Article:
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Comment: Re:We really must blame someone? (Score 1) 342

by briancox2 (#48070049) Attached to: Fortune.com: Blame Tech Diversity On Culture, Not Pipeline
My wife is a nurse. And neither of us have heard of any dedicated effort to hire men and encourage men to pursue education in the field of nursing. Do you have a link for one that has a significant exposure? Because my lack of finding any makes me believe that our culture doesn't care about the idea too much. That's all my point was.

I graduated with an Engineering degree in 2011 from a major state university. There were groups, posters and promotions ALL over campus to encourage women to be a part of every field of STEM. I never saw a single one encouraging a man to be a nurse, psychologist or educator.

I'm not against being educated about this interest in promoting men to be nurses. Please, help me get rid of this ignorance. Show me.

Comment: We really must blame someone? (Score 2, Interesting) 342

by briancox2 (#48062731) Attached to: Fortune.com: Blame Tech Diversity On Culture, Not Pipeline
Is it not even remotely possible that it could be caused by a naturally occurring preference of one gender to enjoy the field and a preference for another field to not find the activity as fulfilling?

You'll never see this kind of desperate hand-wringing over the lack of diversity in the nursing field for the last 100 years. But that's because we have a current sociological neurosis that says we have to force women into every field whether they want it or not. And we don't care what men do as long as they aren't getting in the way of women.

I know that sounds intolerably cruel and snide, but I really don't mean it that way in the slightest. It's a very accurate analysis of attitudes that I see in our current culture. And if people would be honest with themselves, I think they could see that. They have justifications for that attitude. But they still have it.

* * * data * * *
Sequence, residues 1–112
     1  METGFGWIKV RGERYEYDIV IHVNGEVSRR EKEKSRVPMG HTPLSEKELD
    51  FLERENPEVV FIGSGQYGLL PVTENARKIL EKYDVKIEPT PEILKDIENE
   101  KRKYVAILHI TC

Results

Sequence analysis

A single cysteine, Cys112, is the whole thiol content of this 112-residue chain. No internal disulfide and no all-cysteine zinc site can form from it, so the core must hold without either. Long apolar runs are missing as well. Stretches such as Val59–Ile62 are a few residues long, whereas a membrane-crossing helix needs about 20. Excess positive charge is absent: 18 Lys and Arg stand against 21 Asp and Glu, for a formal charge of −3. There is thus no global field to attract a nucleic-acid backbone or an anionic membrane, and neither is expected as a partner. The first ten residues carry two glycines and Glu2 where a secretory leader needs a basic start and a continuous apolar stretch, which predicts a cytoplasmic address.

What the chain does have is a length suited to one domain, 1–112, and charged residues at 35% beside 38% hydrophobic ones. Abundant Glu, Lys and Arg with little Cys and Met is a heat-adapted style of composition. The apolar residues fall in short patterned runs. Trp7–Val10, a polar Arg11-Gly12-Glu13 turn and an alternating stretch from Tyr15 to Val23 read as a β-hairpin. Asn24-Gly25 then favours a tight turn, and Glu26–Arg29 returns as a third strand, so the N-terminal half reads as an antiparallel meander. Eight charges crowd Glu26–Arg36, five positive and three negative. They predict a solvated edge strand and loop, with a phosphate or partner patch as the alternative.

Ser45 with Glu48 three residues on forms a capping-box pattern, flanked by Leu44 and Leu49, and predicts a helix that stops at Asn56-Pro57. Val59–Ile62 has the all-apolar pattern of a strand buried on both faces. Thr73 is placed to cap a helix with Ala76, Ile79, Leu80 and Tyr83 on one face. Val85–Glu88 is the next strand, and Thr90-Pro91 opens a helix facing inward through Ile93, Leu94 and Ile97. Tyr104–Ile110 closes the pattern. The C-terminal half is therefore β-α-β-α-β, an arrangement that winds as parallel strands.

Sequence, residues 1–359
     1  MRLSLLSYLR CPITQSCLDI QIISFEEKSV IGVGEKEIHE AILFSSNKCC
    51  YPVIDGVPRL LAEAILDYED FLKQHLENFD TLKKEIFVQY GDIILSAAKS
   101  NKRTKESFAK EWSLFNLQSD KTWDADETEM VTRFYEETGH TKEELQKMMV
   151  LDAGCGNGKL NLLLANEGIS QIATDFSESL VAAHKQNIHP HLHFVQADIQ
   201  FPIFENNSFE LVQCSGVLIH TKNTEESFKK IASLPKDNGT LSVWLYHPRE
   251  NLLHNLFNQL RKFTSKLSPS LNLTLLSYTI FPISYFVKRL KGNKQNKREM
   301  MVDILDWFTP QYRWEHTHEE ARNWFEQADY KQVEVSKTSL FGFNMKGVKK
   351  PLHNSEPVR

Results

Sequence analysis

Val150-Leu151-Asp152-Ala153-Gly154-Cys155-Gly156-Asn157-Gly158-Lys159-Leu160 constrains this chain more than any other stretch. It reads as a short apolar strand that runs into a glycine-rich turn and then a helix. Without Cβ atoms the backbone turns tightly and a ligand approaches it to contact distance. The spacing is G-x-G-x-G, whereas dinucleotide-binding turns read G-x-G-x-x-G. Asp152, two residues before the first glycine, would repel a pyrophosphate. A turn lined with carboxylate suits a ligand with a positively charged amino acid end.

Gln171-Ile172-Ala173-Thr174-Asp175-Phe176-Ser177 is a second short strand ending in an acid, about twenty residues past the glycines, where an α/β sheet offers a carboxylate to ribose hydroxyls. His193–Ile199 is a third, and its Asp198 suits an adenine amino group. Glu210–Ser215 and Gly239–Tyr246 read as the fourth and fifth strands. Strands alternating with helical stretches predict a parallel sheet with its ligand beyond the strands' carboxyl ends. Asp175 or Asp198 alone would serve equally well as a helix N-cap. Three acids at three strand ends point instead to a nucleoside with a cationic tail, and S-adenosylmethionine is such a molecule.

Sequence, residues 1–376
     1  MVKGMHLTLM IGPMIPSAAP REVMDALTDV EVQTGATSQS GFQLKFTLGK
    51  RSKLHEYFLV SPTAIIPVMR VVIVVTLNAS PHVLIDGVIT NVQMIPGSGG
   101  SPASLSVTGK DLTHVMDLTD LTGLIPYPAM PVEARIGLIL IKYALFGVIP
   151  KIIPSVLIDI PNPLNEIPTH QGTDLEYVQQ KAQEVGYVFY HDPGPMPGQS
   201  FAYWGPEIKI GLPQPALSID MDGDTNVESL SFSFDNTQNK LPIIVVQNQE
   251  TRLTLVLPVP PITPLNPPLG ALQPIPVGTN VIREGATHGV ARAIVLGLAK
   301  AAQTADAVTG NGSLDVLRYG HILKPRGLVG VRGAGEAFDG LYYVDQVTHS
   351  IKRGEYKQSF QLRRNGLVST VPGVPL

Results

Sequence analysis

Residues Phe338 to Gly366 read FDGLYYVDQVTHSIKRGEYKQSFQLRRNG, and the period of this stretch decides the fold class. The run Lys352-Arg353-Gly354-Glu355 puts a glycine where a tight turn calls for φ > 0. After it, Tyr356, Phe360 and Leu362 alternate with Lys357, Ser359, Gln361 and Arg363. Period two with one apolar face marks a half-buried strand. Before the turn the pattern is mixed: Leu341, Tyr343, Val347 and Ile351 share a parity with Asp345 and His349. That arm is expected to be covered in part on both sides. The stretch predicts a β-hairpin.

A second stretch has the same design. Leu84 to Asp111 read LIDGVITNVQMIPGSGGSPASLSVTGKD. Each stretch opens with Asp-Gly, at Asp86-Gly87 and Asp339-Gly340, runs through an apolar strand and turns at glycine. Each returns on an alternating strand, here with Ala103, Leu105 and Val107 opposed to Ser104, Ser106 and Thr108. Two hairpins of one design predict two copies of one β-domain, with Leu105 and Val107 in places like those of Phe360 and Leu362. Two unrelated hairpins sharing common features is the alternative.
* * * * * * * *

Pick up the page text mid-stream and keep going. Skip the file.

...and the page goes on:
Comment: Re:This is insane... (Score 1) 76

by briancox2 (#48058287) Attached to: JP Morgan Chase Breach Compromised Data of 76 Million Households
I wasn't referring to transactions where a card is physically present. I'm talking about the online use of the information where the only thing required is a static set of numbers. But I would also like to see disposable (one-use) numbers available for physical transactions using my phone as a 2-factor auth.

Comment: This is insane... (Score 3, Interesting) 76

by briancox2 (#48055685) Attached to: JP Morgan Chase Breach Compromised Data of 76 Million Households
Why have Visa and Mastercard not changed their purchase validation system?

A static number that, once discovered, allows anyone to make a purchase until that number's use is deactivated? I should have 2-factor auth on all purchases, my credit card number should only act as a public key, or I should have the ability to generate new disposable numbers on the fly.

They've pushed this nominclature of "identity theft" (which attempt to make consumers feel as though they've been robbed) when in truth these are just cases of fraud that were made possible and likely because Visa and Mastercard haven't improved THEIR security for about 20 years.

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